French St. Petersburg

The 18th century saw both the creation of St. Petersburg and the flowering of French culture around the Enlightenment. Russian high society viewed France as the centre of high culture and progress, the pinnacle of humanity. The higher echelons of Russian education were modeled on the French system, and French became the lingua franca of the Russian court and nobility, especially as many more foreigners married into Russia's leading families.

Trinity (Troitsky) Bridge in St Petersburg, Russia, designed french company Societe de construction des Batignolles
Trinity (Troitsky) Bridge in St. Petersburg, designed french company "Societe de construction des Batignolles"

Peter the Great employed French architects, engineers and artists, while Catherine the Great entered into correspondence with the greatest French thinkers of her day, including Voltaire and Diderot, the latter helping her to find French sculptors, musicians and designers to work in St. Petersburg, before himself visiting the city for two years.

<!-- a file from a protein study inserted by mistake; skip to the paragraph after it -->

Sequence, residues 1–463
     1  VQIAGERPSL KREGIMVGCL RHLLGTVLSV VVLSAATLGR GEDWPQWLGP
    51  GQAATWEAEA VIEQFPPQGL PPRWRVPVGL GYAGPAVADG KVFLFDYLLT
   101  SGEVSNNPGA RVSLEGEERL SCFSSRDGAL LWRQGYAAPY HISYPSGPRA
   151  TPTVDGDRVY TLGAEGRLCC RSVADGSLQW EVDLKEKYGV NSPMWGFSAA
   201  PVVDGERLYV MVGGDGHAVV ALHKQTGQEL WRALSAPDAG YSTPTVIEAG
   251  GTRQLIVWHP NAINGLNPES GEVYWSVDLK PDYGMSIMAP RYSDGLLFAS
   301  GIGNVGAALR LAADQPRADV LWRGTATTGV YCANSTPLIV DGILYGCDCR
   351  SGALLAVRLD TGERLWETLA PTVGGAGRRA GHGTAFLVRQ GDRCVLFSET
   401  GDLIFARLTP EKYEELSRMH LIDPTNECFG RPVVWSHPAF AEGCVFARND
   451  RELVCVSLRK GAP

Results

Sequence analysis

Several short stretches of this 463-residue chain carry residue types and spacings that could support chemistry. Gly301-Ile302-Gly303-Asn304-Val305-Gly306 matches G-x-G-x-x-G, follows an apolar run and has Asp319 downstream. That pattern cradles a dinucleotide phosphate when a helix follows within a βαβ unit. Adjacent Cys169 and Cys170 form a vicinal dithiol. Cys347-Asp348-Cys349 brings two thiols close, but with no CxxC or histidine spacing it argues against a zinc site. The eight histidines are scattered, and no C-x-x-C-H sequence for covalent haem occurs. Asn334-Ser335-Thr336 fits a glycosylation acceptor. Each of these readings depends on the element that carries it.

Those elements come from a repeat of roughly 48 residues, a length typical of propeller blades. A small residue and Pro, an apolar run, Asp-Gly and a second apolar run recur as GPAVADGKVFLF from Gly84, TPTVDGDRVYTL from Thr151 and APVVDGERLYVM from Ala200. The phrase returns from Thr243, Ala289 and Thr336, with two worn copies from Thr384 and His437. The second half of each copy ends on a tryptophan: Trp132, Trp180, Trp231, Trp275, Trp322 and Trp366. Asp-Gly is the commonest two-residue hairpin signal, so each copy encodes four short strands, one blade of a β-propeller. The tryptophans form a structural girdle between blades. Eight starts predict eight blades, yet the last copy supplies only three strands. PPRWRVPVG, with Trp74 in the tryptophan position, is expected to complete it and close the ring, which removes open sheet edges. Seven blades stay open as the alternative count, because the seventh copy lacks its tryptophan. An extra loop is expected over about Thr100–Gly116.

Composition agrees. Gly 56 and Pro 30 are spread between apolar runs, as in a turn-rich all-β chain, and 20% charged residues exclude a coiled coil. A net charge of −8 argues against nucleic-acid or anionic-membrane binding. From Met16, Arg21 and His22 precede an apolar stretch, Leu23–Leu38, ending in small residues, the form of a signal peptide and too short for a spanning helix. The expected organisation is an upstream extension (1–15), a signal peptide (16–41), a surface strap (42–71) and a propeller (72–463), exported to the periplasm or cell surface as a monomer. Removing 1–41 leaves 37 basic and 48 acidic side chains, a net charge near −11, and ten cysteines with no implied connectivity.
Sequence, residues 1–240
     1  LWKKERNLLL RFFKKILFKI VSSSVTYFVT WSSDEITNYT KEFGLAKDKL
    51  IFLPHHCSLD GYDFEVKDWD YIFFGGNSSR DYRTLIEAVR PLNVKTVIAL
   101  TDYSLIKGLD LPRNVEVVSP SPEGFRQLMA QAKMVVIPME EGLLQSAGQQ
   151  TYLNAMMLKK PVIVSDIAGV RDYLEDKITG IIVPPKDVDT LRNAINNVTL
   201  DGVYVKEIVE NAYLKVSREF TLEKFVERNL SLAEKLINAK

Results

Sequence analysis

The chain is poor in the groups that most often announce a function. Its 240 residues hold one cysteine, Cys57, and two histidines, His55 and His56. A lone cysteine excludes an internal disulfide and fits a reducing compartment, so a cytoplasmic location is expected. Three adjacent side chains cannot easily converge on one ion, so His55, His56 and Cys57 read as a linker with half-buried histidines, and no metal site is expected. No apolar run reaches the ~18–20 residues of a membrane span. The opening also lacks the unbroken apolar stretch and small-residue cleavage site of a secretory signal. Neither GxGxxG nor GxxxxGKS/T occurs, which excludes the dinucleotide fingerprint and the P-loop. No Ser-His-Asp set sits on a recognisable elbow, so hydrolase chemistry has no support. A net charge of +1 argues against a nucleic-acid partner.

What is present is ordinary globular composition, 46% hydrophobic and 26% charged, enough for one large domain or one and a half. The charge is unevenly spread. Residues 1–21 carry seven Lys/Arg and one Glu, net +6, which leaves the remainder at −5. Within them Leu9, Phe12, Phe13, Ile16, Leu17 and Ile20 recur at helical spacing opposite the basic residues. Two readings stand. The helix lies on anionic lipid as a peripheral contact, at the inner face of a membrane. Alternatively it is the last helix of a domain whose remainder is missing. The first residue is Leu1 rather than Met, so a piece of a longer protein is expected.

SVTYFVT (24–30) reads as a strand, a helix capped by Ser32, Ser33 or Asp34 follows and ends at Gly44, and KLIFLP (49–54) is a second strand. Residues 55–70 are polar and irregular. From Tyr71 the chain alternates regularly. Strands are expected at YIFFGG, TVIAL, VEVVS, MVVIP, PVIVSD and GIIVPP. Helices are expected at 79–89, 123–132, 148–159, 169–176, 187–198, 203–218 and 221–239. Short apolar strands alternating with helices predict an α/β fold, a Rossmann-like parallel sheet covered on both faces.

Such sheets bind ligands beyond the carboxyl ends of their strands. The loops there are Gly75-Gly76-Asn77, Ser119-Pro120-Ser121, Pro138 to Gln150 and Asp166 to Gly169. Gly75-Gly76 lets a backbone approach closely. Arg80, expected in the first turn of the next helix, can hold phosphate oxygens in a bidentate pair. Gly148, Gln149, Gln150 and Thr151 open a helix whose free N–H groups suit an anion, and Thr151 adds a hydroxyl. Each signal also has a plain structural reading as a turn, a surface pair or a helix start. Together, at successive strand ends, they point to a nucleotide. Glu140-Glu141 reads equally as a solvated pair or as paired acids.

Despite the upheavals of the French Revolution and the Napoleonic Wars, France remained the cultural benchmark for St. Petersburg throughout the 19th century, the main source of the fashions, luxury goods, and entertainments enjoyed by St. Petersburg high society. It was therefore no surprise that Paris proved the most popular destination for aristocratic emigres after the Bolsheviks came to power. While despising such bourgeois decadence, the Soviet authorities nonetheless particularly prized their links with French communists, as well as renaming central streets in St. Petersburg after the major figures of the French Revolution (Marat Street and Robespierre Embankment, amongst others).

Nowadays, although France has lost some of its prestige in the eyes of Petersburgers (the city's rich have long shown a marked preference for Italian cuisine and Italian fashion over French), cultural links remain strong, nurtured by a shared heritage, particularly in the world of ballet, where the flowering of St. Petersburg in the late 19th century was undoubtedly a Franco-Russian joint production and remains one of the greatest sources of pride to the city.